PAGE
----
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Perpetuum Mobile

  1. Aug 2, 2006 #1
    i had an idea about a perpetual motion machine.
    i have read and saw that my idea is just like Robert Boyle's self-flowing flask.
    from what i read this machine who by my idea should let the water move for eternity is not working because it doesn't follow the rules of thermodinamics.
    I didn't really understand this explanation,does anyone knows what's the problem?
  2. jcsd
  3. Aug 2, 2006 #2


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    Both ends of the "device" are at the same pressure. There can not be flow without a pressure differential. Examone what the static pressure will be in the tube and the vessel. Also take a look at how liquid levels work. You'll see some similarity there.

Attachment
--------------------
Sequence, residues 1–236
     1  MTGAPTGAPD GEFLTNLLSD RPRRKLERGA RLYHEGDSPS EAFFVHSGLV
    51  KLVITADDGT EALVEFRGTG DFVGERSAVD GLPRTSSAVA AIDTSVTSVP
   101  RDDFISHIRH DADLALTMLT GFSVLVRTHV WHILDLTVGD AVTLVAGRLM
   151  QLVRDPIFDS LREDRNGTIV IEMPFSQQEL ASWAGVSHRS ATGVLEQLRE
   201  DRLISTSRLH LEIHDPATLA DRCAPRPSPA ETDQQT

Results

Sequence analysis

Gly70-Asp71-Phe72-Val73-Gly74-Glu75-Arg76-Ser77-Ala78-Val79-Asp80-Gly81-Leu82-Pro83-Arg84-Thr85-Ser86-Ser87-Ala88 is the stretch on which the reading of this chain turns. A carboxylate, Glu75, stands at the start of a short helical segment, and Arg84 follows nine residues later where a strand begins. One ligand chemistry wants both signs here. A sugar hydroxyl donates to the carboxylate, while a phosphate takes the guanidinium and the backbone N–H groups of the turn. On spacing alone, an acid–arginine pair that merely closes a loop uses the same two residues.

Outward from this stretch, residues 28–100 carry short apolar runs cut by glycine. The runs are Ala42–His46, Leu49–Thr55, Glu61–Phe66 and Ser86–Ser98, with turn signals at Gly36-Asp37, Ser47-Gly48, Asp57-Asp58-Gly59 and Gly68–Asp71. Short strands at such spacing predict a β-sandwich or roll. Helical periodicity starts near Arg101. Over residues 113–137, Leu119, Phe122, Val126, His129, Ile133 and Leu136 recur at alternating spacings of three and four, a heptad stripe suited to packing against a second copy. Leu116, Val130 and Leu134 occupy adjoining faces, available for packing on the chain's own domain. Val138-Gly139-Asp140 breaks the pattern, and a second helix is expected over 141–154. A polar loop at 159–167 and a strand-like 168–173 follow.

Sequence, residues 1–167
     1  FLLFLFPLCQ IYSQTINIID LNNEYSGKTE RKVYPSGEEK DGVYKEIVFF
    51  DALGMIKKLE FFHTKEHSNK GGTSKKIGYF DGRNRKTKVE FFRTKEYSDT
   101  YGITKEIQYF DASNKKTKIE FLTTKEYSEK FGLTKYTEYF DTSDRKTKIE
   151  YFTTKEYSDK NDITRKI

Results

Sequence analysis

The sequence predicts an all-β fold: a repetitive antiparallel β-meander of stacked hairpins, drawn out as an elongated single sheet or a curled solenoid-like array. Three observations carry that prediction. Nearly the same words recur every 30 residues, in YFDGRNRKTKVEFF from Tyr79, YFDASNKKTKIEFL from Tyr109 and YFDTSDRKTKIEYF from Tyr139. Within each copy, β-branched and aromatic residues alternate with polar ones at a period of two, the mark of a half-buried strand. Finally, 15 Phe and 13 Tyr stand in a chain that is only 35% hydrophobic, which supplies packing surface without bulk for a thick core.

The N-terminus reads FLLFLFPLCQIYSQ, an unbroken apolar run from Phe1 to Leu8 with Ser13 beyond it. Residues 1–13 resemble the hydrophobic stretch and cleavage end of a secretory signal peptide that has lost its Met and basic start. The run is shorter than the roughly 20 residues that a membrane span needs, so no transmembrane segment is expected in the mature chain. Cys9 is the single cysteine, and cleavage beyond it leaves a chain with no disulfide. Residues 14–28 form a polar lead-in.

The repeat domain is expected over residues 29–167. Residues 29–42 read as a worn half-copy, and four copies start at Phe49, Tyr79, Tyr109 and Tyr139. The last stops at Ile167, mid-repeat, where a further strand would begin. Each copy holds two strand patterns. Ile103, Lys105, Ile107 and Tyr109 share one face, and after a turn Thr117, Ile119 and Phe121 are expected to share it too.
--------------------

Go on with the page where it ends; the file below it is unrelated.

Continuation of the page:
4. Aug 2, 2006 #3
    Since both ends are open to air pressure, the only thing that can make water flow through the tube is a difference in heights. Only when the output nozzle is lower than the flask water level will the water flow. This is not the case in the drawing, and what will really happen is that the water will fall back down the tube until it is at the same level as the flask water. If the nozzle is held lower than the flask water level, water will flow out the tube, but there will be no way to get it back into the flask without doing work. While this concept can be used to steal gasoline from people's cars, sadly it can't be used to make a perpetual motion machine.
  5. Aug 2, 2006 #4


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    Actually, it's also possible to get this to happen if there's a heat difference. Water has weird thermal properties, but any gas will flow up the warm side, and down the cold side of a looped vertical tube if the temperature difference is maintained.
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